The railway was, for over a quarter of a century, more or less friendly towards boxing, though the various companies varied in their enthusiasm. The Eastern Counties and the South Western companies were the most co-operative. The Kent and Sussex lines were difficult 26 and the Great Western would take the money without being very forthcoming in helping the fight to actually take place. 27 At first, the fight parties used scheduled trains, but this soon proved too public, their destination too predictable, and the trains themselves, with their frequent stops, too slow. 2/l A changing world could also take its toll - the spectators arriving at Wolverton station, and then forced to move several miles into the next county to avoid the law, found only a handful of carriages there, and this at a spot which a few years before had seen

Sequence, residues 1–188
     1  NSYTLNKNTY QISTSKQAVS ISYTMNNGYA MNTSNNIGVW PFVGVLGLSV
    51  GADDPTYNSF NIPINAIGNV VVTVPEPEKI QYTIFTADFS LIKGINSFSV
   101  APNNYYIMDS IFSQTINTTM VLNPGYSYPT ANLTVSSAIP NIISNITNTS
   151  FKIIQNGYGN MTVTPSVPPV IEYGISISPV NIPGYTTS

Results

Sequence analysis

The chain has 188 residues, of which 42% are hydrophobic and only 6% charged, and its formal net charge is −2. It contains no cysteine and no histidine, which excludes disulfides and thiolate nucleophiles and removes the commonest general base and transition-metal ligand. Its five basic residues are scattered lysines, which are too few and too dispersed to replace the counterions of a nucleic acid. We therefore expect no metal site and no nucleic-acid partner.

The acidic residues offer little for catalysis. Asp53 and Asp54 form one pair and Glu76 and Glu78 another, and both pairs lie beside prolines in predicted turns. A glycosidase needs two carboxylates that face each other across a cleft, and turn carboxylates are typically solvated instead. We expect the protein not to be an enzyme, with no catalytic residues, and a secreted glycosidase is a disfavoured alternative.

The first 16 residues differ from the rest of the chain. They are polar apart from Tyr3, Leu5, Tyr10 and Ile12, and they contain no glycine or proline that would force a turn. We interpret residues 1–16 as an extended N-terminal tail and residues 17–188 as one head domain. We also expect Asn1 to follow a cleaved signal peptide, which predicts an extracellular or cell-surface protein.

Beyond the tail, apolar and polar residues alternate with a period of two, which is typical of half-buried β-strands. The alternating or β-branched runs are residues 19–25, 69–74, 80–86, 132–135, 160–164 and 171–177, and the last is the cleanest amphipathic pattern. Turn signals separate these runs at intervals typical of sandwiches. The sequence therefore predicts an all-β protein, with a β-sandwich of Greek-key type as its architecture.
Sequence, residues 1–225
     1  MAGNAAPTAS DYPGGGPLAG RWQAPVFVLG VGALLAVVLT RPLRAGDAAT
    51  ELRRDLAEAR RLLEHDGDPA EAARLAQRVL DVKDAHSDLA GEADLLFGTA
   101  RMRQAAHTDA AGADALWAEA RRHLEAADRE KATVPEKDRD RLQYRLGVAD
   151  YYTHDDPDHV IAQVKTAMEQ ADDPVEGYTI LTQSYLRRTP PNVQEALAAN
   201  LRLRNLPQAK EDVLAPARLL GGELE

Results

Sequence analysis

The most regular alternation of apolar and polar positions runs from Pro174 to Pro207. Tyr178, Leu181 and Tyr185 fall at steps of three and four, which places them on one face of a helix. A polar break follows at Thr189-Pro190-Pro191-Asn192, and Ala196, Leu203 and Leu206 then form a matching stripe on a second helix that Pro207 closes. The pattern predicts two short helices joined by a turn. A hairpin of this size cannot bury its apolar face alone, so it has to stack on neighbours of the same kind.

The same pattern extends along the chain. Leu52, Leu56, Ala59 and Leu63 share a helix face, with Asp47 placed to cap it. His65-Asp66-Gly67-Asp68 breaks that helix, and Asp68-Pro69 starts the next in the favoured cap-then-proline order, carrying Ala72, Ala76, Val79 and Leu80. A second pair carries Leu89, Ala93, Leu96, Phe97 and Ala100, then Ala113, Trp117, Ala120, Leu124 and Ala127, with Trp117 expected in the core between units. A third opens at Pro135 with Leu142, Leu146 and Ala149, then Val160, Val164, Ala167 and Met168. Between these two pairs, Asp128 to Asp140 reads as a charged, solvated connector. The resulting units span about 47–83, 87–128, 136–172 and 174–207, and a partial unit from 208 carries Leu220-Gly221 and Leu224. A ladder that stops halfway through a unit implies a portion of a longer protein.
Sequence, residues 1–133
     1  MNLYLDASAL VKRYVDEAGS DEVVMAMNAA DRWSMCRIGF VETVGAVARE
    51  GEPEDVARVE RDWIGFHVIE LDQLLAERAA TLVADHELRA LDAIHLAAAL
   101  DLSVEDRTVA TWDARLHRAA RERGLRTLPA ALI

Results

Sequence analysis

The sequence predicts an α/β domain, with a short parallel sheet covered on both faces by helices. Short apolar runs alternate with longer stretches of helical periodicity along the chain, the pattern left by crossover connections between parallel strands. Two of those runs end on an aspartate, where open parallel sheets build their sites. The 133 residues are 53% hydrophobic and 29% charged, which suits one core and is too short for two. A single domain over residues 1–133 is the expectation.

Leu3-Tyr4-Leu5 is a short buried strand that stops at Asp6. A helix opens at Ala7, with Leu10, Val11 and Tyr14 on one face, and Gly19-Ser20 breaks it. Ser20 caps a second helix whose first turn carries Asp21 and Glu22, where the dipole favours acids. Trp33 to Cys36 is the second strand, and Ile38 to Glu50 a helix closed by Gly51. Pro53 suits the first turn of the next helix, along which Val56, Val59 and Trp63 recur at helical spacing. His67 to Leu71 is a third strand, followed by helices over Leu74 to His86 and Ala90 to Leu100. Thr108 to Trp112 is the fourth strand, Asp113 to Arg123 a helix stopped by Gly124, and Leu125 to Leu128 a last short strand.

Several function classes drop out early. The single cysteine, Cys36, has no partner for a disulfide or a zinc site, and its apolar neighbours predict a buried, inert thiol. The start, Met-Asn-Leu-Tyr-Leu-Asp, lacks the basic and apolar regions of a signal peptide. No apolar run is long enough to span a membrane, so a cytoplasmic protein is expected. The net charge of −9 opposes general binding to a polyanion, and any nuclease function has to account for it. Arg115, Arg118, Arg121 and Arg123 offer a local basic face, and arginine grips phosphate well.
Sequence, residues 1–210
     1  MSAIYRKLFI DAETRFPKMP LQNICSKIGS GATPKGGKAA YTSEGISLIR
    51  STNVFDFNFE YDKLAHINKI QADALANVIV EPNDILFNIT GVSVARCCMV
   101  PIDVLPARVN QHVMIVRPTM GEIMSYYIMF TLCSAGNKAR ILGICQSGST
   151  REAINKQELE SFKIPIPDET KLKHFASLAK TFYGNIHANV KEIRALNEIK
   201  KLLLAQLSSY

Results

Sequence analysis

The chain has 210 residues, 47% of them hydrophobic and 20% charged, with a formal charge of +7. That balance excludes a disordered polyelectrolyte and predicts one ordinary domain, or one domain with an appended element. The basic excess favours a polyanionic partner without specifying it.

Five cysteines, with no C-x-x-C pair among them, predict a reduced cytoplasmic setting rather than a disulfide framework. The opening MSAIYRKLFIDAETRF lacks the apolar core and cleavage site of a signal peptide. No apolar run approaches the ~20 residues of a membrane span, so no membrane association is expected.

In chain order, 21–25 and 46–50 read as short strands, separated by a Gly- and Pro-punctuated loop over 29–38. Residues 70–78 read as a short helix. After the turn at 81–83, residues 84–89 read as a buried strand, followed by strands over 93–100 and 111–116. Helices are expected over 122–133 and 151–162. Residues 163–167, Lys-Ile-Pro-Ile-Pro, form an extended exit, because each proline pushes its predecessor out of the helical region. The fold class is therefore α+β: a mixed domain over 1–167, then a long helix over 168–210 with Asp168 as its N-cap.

days of coach and sail? There were, of course, the usual doubts over whether trains could do anything for anybody, sportsman or not. After a steam coach run to Henley in 1830, one correspondent, while allowing the value of steam 'for modern machinery, or on the wide ocean', could never see it as 'desirable for land travelling',33 while another, eight years later, still had his doubts over railways, claiming that 'it must be a long time, if ever, before they become general'. 34 Already, though, there were a thousand miles of track and the number of passengers was rising annually. Already, too, the railway was making its contribution to legitimate sport, with extra trains from Vauxhall for that same year's Derby, 'to that point of the railway south of Kingston which is nearest Epsom,.35